Employee Assistance Programs: Providing Needed Resources That Are Sadly Underutilized
Several years ago, I was working for an organization when tragedy struck – an employee was murdered by a client, and the event was witnessed by numerous coworkers. It was a devastating event, that was an immense tragedy on many levels. One of the many responses to this event was to bring EAP services directly to the employees. EAP counselors were available at the work site, and by phone, for as long as they were needed. These services were invaluable for assisting employees in the grief process and helping the organization to move forward.
This experience taught me first-hand how crucial these services can be in a time of crisis, but also reminded me of how important it is for employees to access these services to help manage and cope with the everyday stressors of life. Stress, anxiety, and depression – these conditions are rampant in the American workforce. We see headlines to this effect regularly, and the Centers for Disease Control and Prevention cite job-related stress as the nation’s leading workplace health problem. While the vast majority of employers (97% of large employers) offer EAP services, only 5.5% of employees used these services in 2018 [source: National Business Group on Health]. This low utilization rate rings true for the client organizations we serve in Vermont and northern New England as well. Given the need, why is this service so underutilized?
There are no clear answers to this question, but several likely culprits.
1. Stigma associated with mental health conditions . I am a Gen X’er, and I have seen in the course of my lifetime a marked change in the language we use when speaking of mental health issues. We are slowly moving away from the idea that mental health conditions are some form of personal “weakness” as opposed to a medical issue. Simply the transformation to the term “substance use disorder” from terminology such as “substance abuse” or “addict” is a major step in the right direction. Additionally, I find millennials, and the most recent generation to the enter the workforce, Gen Z (my children) are much more open to discussing mental health. Stress, anxiety and depression are part of their dialogue when discussing day to day life. While a promising shift, this transformation is ongoing, and there is still a reluctance to admit to needing services, particularly when those services are being provided through the employer.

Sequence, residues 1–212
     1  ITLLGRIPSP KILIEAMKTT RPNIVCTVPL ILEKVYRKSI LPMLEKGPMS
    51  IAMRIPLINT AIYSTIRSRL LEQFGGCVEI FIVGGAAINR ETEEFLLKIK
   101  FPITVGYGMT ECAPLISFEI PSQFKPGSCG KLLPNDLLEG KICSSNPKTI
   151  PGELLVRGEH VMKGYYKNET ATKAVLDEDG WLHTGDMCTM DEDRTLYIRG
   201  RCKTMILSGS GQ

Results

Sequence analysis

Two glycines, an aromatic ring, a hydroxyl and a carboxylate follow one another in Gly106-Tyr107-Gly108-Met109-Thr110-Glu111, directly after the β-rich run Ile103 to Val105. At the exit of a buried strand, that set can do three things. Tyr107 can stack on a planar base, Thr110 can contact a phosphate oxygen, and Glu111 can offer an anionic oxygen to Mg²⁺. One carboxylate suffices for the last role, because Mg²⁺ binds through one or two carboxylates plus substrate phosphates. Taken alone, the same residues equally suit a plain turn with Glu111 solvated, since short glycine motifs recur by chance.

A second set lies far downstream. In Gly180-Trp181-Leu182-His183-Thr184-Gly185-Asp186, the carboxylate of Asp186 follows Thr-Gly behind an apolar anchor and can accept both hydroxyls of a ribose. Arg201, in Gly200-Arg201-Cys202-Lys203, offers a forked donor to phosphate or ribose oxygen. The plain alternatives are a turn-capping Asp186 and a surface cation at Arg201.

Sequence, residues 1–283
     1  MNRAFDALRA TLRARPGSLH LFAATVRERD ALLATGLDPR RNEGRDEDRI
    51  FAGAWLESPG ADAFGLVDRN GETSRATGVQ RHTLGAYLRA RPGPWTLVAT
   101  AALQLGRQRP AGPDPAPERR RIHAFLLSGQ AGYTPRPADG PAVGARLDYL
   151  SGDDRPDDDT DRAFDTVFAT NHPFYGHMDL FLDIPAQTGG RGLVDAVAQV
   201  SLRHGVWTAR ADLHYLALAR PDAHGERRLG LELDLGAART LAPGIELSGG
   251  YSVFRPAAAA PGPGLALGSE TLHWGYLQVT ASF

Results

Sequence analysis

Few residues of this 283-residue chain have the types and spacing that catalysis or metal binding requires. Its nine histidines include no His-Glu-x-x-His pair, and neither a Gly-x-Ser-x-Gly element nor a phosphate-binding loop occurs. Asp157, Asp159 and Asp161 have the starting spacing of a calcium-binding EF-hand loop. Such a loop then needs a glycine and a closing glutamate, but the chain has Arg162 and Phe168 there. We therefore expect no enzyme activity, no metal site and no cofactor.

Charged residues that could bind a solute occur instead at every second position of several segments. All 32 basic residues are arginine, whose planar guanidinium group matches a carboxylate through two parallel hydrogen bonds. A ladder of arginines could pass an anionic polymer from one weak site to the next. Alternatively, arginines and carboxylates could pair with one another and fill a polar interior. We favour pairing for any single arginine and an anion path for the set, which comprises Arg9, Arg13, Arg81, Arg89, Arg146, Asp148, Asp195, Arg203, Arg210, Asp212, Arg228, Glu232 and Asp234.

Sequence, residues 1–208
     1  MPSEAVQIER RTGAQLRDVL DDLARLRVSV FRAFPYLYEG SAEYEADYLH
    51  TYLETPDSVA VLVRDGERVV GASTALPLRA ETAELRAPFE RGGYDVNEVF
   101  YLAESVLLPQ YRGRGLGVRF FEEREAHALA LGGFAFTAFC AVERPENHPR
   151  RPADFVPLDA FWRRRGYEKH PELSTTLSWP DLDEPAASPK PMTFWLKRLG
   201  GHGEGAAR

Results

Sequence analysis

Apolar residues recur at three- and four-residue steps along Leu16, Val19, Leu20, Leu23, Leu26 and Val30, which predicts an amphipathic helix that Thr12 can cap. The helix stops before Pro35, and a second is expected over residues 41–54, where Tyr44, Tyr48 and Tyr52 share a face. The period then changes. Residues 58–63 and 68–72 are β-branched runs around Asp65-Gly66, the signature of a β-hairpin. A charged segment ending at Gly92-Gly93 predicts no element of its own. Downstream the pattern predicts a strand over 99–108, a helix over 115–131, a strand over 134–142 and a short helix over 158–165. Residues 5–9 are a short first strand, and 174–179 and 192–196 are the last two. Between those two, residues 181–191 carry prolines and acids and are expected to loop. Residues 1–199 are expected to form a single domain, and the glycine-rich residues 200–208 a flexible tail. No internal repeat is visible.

2. Trust and Confidentiality . EAP services are contracted and paid for by the employer. Often those services are packaged with the benefits provided through health or life insurance. Given these facts, many employees question the confidentiality of the services and worry that their information will somehow end up in the hands of their employer. The best way to counter these concerns is to have the EAP provider reiterate, time and again, that their services are confidential, and explain how. Further, employers should be working diligently to build a culture of trust throughout their organization. I once heard an employee say they would never use EAP because, “they’re just going to use that